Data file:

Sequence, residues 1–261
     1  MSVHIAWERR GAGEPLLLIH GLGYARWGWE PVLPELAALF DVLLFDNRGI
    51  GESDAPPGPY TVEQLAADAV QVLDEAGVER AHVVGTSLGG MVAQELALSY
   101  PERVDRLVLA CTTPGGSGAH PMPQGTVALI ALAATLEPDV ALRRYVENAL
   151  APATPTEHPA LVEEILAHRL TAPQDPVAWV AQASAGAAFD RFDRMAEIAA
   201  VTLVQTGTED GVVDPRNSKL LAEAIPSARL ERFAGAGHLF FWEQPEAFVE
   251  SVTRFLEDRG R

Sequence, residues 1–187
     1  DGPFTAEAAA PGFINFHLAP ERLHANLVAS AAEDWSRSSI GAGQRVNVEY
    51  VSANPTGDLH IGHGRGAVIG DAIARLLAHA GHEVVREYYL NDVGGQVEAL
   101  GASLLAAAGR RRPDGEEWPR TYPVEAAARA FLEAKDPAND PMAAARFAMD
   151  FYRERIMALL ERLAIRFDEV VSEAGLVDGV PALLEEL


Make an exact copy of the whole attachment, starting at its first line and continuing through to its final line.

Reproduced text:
Sequence, residues 1–261
     1  MSVHIAWERR GAGEPLLLIH GLGYARWGWE PVLPELAALF DVLLFDNRGI
    51  GESDAPPGPY TVEQLAADAV QVLDEAGVER AHVVGTSLGG MVAQELALSY
   101  PERVDRLVLA CTTPGGSGAH PMPQGTVALI ALAATLEPDV ALRRYVENAL
   151  APATPTEHPA LVEEILAHRL TAPQDPVAWV AQASAGAAFD RFDRMAEIAA
   201  VTLVQTGTED GVVDPRNSKL LAEAIPSARL ERFAGAGHLF FWEQPEAFVE
   251  SVTRFLEDRG R

Sequence, residues 1–187
     1  DGPFTAEAAA PGFINFHLAP ERLHANLVAS AAEDWSRSSI GAGQRVNVEY
    51  VSANPTGDLH IGHGRGAVIG DAIARLLAHA GHEVVREYYL NDVGGQVEAL
   101  GASLLAAAGR RRPDGEEWPR TYPVEAAARA FLEAKDPAND PMAAARFAMD
   151  FYRERIMALL ERLAIRFDEV VSEAGLVDGV PALLEEL